A hacker duo pretty much just made the case for going old school and steering clear of "smart" and "connected" vehicles as they remotely attacked one. Charlie Miller and Chris Valasek revealed 20 of the "most hackable" vehicles last year, but this year at Black Hat they will blow people's mind when they present "Remote Exploitation of an Unaltered Passenger Vehicle."
It's not the first remote hack; when DARPA's Dan Kaufman remotely hacked a car for 60 Minutes, he triggered the windshield wipers, blasted the car's horn and then disabled the brakes. That and a report (pdf) claiming that nearly all new cars can be hacked led to a lawsuit against GM, Ford and Toyota for "dangerous defects in their hackable cars."
But car hacking seems even more real after Wired's Andy Greenberg served as Miller and Valasek's guinea pig by driving a Jeep the hackers remotely tweaked by fiddling with the windshield wipers, radio, air conditioning and more. They came up with a zero-day exploit that "can target Jeep Cherokees and give the attacker wireless control, via the Internet, to any of thousands of vehicles. Their code is an automaker's nightmare: software that lets hackers send commands through the Jeep's entertainment system to its dashboard functions, steering, brakes, and transmission, all from a laptop that may be across the country."
Miller and Valasek's full arsenal includes functions that at lower speeds fully kill the engine, abruptly engage the brakes, or disable them altogether. The most disturbing maneuver came when they cut the Jeep's brakes, leaving me frantically pumping the pedal as the 2-ton SUV slid uncontrollably into a ditch. The researchers say they're working on perfecting their steering control—for now they can only hijack the wheel when the Jeep is in reverse. Their hack enables surveillance too: They can track a targeted Jeep's GPS coordinates, measure its speed, and even drop pins on a map to trace its route.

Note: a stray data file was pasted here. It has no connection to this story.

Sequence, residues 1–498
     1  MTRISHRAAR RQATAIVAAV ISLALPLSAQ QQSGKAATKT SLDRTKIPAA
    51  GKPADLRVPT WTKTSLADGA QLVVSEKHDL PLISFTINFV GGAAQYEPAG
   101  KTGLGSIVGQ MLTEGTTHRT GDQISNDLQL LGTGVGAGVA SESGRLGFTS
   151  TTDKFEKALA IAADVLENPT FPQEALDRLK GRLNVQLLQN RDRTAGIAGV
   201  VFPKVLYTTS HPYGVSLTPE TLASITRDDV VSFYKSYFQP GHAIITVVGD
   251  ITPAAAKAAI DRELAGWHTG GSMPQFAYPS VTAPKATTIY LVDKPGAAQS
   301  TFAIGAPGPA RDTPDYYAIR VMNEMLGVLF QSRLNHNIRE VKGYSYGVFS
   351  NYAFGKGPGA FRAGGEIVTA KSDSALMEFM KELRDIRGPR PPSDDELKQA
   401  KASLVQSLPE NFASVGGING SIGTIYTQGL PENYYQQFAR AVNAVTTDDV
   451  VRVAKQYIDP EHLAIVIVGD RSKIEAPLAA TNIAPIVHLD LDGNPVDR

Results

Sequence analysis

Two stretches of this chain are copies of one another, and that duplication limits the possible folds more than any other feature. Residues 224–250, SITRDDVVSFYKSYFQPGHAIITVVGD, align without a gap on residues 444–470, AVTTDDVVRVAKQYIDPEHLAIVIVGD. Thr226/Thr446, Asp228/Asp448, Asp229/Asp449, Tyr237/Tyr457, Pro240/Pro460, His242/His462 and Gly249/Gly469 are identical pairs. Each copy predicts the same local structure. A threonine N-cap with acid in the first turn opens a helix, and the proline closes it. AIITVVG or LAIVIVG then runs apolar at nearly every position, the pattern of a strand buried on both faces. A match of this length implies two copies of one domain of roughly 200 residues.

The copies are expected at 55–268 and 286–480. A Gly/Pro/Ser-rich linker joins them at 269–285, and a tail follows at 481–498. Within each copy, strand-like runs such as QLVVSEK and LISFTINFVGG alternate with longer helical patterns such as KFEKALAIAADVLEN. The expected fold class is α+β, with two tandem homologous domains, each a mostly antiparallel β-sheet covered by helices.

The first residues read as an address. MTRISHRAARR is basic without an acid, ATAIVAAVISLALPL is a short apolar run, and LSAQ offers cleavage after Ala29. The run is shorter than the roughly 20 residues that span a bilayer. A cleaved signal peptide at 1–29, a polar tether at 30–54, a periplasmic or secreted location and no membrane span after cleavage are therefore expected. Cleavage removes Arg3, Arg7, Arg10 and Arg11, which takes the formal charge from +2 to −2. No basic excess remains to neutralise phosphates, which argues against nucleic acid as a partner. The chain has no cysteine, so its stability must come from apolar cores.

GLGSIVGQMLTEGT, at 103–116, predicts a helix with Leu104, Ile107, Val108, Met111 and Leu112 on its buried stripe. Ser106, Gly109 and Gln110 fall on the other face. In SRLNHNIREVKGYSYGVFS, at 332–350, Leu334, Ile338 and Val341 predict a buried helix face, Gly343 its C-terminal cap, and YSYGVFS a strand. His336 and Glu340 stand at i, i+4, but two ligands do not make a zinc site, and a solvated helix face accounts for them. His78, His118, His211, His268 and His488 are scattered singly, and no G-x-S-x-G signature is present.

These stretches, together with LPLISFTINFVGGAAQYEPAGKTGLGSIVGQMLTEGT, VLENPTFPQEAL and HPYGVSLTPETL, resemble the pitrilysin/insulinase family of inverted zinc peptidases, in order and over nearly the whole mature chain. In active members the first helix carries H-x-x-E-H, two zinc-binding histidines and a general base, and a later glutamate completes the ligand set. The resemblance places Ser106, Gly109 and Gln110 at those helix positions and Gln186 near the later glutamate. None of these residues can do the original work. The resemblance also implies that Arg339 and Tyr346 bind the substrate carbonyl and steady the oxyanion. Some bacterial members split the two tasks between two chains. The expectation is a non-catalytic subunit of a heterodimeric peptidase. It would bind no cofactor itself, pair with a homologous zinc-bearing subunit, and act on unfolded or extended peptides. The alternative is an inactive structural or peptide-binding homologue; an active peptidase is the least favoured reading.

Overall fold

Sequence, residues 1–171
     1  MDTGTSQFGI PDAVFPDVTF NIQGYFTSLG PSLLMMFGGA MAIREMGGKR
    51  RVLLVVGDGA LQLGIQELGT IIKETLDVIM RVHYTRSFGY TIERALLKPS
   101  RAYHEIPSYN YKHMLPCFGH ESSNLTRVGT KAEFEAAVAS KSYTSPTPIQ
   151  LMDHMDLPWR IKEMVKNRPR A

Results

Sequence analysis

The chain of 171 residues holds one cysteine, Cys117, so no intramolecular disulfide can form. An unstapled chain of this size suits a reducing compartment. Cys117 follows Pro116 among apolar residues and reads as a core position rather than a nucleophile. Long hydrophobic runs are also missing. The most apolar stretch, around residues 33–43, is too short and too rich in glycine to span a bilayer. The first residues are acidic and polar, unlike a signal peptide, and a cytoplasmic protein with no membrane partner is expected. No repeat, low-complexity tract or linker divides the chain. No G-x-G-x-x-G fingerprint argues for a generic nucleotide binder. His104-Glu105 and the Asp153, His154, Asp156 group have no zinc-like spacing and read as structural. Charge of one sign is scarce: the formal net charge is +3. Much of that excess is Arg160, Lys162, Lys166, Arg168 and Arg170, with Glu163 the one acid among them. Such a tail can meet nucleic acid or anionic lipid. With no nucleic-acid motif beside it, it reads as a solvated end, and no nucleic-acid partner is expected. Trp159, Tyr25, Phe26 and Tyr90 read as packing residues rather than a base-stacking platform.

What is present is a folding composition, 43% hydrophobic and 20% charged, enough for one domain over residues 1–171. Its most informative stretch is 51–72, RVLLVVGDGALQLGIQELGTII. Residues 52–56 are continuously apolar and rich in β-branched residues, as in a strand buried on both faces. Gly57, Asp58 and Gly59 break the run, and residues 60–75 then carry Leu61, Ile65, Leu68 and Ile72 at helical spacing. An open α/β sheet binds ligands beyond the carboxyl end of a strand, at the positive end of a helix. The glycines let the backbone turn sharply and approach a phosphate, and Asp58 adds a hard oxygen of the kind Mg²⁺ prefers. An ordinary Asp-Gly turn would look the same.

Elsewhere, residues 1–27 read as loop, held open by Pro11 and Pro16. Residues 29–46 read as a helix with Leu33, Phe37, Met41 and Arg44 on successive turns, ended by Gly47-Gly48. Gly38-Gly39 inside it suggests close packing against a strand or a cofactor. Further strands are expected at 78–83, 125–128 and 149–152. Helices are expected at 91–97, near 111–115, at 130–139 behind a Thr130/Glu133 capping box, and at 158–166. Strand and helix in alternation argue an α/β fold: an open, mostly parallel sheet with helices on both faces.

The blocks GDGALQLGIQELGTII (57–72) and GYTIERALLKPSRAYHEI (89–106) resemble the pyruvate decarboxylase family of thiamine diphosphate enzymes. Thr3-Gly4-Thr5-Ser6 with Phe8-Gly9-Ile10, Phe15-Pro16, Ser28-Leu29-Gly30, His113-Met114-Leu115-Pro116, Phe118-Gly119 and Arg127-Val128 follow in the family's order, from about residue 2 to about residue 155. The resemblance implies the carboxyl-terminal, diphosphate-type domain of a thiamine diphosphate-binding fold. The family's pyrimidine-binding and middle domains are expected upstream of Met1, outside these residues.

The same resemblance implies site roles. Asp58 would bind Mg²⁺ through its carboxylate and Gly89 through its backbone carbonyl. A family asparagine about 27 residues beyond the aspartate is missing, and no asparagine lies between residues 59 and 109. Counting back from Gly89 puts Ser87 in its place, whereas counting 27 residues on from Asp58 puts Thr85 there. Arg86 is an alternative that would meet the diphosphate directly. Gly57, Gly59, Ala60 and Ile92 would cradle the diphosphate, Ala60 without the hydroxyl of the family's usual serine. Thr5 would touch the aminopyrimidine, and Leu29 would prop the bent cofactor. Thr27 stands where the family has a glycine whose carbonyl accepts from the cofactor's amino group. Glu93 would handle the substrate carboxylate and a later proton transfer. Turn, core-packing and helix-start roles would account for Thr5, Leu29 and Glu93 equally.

Remotely hacking a vehicle is possible due to a vulnerability in Uconnect systems which "brings your world into your vehicle using WiFi+ access, personalized app, local search guides and more." It basically adds vehicles to the Internet of Things. Entertainment, phone, navigation, voice commands and controls are listed under the "about Uconnect" section.
At Black Hat, the duo will not reveal how to rewrite chip firmware, but they plan to publish code that will enable "dashboard hijinks" and "GPS tracking." Miller and Valasek have been sharing their security findings with automakers, which is why Fiat Chrysler Automobiles (FCA) recently released a security update. The bummer is that the Uconnect fix needs to be "manually implemented via USB or by a dealership mechanic."
FCA's release in part reads:
Similar to a smartphone or tablet, vehicle software can require updates for improved security protection to reduce the potential risk of unauthorized and unlawful access to vehicle systems. Today's software security update, provided at no cost to customers, also includes Uconnect improvements introduced in the 2015 model year designed to enhance customer convenience and enjoyment of their vehicle. Customers can either download and install this particular update themselves or, if preferred, their dealer can complete this one-time update at no cost to customers.
A service bulletin (pdf) issued on July 16 deals with "radio enhancements" and applies to various Ram, Grand Cherokee, Durango, Viper and Cherokee vehicles equipped with Uconnect 8.4A AM/FM/BT/ACCESS and Uconnect 8.4AN AM/FM/BT/ACCESS/NAV. The following vehicle models are named in the bulletin:
A long list of potential symptoms and conditions a driver might experience kicks off with "Improved Radio security protection to reduce the potential risk of unauthorized and unlawful access to vehicle systems (U.S. Market Only)."
Charlie Miller tweeted:
Go here and enter your VIN number to determine if you can obtain the FCA Uconnect software update.
Some people won't even keep their PC patched and secured, but in a nutshell, if a car hacker advises you to patch your car…it would be extremely unwise to ignore such wisdom. If someone malicious were to target you and your vehicle, a best-case scenario might be that it gets bricked…a worst-case scenario might involve a wreck that kills someone. Miller and Valasek's revelations go hand in hand with a new Senate bill "that's designed to require cars sold in the U.S. to meet certain standards of protection against digital attacks and privacy."
"If consumers don't realize this is an issue, they should, and they should start complaining to carmakers," Miller told Wired. "This might be the kind of software bug most likely to kill someone." By his calculations, there are "as many as 471,000 vehicles with vulnerable Uconnect systems on the road."